Email reputation is something people commonly overlook and it's such a big part of running an email server as you don't want to go through all that effort just to land in junk mail.
Hosting your own email server at home is a great way to understand the principles of a full email solution and also a big factor to privacy concerns.
The only issue to hosting at home is that most home broadband ISPs use dynamic IP address assignments and these blocks of IP addresses are usually part of spam blocklists that Microsoft and Google refer to.
To confirm this you can go to MXToolBox and check your external IP Address across the blocklists. A simple check for my IP showed that I was a part of two lists
- SORBS DUHL
- Spamhaus ZEN
SORBS DUHL is the key one here as this list contains a list of all dynamic IP addresses for ISPs and this is the one that would cause problems for us in the future.
To rectify this issue you can use an SMTP Relay which will send all email from the provider rather than sending from your home IP. Some of the popular providers for SMTP relays are
- Amazon SES (Simple Email Service)
All three services provide free tiers which will be more than enough for personal mailboxes.
I'll be using SendGrid for this example as I prefer the setup process and layout of the admin interface - it just makes things getting done easier.
The first thing to do is set up an account at SendGrid if you haven't already - SendGrid works by sending out emails against custom domains that have been authenticated.
To do so access SendGrid and navigate to
Settings > Sender Authentication this will list all domains that have been auhtenticated with SendGrid and allow sending from them.
To start the process you can go through the easy to follow wizard to authenticate your domain - simply click the
Authenticate Your Domain button.
My DNS host is Cloudflare so I've selected that, click no to rewriting branded links as all your emails will then go out with links rewritten to your domain name which looks very spammy for a one-to-one email.
The next step is to add your email domain in, this isn't your MailCow domain but the domain that you want to send email from in your mailbox. Leave all relevant checkboxes to their default values unless you would like to add custom DKIM selectors and return path.
It's advisable to leave these options as their default if you don't know what they do.
The next part is to set up the DNS entries as advised, once you have added them it can take up to 24 hours to propagate but I've usually seen these changes take effect within a few minutes.
Once verified your domain will be listed and authenticated to send email.
One thing the wizard doesn't show it the requirement to add SPF records to your DNS. The SPF record will tell the receiving mailbox which domains are authenticated for you to send mail from, if SendGrid's domain isn't listed then it could be a spam trigger.
You most likely would have created an SPF TXT record when configuring MailCow so you can easily just modify the entry to include SendGrid's domain.
Below is a sample of what the entry could look like, the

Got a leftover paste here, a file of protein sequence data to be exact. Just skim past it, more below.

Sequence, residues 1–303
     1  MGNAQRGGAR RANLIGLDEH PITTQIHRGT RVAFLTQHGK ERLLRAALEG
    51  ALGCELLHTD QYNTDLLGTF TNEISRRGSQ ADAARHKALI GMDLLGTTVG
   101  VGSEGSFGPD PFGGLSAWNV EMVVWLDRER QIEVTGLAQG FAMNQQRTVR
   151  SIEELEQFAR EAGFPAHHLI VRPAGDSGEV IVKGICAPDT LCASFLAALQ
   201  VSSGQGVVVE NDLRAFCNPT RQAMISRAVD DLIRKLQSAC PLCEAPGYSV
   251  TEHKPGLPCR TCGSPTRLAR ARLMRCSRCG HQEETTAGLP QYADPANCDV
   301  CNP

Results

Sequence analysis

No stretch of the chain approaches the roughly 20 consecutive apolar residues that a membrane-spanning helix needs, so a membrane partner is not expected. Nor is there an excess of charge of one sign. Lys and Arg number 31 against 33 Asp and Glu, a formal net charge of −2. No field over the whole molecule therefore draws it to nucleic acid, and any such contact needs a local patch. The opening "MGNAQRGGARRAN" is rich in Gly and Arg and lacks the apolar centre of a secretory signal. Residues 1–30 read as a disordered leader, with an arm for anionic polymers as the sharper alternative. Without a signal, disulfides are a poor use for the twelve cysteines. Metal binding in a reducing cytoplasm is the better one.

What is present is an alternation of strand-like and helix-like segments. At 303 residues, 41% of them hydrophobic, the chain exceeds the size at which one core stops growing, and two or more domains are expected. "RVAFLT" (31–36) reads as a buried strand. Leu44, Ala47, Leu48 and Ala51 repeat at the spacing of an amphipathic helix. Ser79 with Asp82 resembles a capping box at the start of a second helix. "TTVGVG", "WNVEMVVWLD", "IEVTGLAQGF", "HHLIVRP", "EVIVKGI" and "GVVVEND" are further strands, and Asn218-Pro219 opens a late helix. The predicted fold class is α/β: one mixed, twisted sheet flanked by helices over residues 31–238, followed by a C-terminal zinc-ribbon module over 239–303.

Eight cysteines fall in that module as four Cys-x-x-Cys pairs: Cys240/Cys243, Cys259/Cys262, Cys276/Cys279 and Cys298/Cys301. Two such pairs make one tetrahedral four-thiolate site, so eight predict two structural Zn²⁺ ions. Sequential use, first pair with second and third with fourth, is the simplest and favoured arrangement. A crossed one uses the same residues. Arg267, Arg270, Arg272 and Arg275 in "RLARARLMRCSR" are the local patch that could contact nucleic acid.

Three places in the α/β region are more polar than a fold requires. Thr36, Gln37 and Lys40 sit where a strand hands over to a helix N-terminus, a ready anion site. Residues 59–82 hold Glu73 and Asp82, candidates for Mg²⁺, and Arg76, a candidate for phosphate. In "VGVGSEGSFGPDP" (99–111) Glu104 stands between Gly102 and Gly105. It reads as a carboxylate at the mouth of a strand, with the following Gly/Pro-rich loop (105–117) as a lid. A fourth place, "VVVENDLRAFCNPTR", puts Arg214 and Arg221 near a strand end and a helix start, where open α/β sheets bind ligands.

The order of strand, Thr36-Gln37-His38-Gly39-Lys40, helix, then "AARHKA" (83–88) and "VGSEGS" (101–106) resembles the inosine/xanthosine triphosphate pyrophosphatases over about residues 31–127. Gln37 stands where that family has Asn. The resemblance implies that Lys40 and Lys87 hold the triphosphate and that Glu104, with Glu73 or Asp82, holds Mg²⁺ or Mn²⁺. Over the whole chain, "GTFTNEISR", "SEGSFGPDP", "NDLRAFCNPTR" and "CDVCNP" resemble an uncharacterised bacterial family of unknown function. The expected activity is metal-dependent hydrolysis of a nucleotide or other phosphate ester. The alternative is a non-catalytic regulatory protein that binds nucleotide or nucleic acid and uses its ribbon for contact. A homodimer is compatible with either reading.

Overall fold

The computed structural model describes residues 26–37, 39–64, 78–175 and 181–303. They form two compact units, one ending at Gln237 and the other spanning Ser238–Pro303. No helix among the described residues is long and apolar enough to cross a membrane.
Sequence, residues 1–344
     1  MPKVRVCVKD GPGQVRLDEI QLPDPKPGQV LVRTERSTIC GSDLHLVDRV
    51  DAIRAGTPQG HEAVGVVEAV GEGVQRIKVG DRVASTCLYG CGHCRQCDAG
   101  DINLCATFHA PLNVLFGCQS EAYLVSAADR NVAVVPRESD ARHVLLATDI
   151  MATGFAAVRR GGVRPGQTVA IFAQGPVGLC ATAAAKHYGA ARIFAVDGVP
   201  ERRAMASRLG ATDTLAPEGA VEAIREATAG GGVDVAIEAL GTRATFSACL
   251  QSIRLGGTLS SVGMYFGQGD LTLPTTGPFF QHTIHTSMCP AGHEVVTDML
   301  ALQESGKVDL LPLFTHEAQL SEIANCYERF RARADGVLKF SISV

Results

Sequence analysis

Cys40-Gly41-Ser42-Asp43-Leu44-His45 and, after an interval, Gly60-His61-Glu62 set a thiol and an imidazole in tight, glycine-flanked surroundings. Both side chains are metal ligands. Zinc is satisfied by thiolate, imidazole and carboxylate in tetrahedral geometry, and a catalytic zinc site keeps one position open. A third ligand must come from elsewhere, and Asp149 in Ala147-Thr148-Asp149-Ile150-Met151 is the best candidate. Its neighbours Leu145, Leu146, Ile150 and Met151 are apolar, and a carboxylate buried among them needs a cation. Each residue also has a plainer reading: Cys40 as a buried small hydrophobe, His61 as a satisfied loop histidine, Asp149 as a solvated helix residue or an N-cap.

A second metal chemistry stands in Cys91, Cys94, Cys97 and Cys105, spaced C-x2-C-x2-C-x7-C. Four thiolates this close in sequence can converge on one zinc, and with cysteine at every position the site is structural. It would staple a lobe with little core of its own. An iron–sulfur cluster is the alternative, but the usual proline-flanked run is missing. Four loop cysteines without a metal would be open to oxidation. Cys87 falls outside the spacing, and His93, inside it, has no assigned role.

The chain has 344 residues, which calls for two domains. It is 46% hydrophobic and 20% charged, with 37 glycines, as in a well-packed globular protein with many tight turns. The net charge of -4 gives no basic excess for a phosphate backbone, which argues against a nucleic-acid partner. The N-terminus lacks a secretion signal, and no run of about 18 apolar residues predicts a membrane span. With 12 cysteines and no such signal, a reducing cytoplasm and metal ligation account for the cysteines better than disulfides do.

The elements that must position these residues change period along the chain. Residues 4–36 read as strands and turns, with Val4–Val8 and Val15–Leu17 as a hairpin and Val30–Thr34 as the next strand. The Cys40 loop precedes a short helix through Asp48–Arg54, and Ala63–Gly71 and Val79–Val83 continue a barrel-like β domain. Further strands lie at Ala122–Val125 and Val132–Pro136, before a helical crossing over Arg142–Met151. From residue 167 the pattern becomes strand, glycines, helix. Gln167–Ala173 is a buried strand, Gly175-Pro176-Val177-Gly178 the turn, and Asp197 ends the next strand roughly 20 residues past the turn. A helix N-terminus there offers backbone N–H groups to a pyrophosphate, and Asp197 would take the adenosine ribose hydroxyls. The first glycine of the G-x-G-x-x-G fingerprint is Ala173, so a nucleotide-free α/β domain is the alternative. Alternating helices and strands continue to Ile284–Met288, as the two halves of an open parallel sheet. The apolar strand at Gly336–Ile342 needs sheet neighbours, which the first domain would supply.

include:sendgrid.net is the key piece of info here.
v=spf1 mx include:mailcowdomain.com include:sendgrid.net ~all
Generate an API Key
For authentication SendGrid gives you the ability to use API Keys rather than defining your account password. This gives you more control on what applications are using SendGrid and allows you to revoke these apps within the App dashboard.
Settings > API Keys and create a new API Key labeled
MailCow - make a copy of the key as we'll be using it in MailCow.
Make sure that the
Mail Send permission is added or you'll have problems later.
Now that we have the SendGrid side set up we need to configure the MailCow side.
Setting up an SMTP relay in MailCow is super straightforward and that's what I love about the suite, especially when it comes to multiple domains - imagine doing this by modifying POSTFIX config files!
Log in to your MailCow admin interface and ensure you are in the
Configuration & Details section - then click in to the tab labeled
Routing. You'll notice the header
Sender-dependent transports. This is where SMTP relays are added.
To set up your first transport simply enter the SMTP details for SendGrid in to the first section. You'll need the API Key generated from SendGrid in this step.
Now click the
Test button and enter the full email address you have created a mailbox for.
If all goes well you will receive a response message from the server indicating a success
SERVER -> CLIENT: 250 2.0.0 Ok: queued as A093B401D4
Setting up the domain relay settings
The final part of this setup is to assign the newly created relay to your domain - again, this is super straightforward in MailCow.
Mail Setup and under the
Domains tab click
edit next to the domain you want to modify.
There will be an option for
Sender-dependent transports - click in to the dropdown and select the SendGrid relay we had set up.
Once complete, click save at the bottom of the page.
You're done! Any emails sent from the domain you have added the Sender Transport to will route through SendGrid, you can analyse the email headers to see if SendGrid is being used, below is an example
Received: from mailserver.com (unknown)
by ismtpd0005p1lon1.sendgrid.net (SG) with ESMTP id qE8Qk_m8Sz29bFJPXf3sQ
for <email@example.com>; Fri, 05 Jun 2020 11:55:10.645 +0000 (UTC)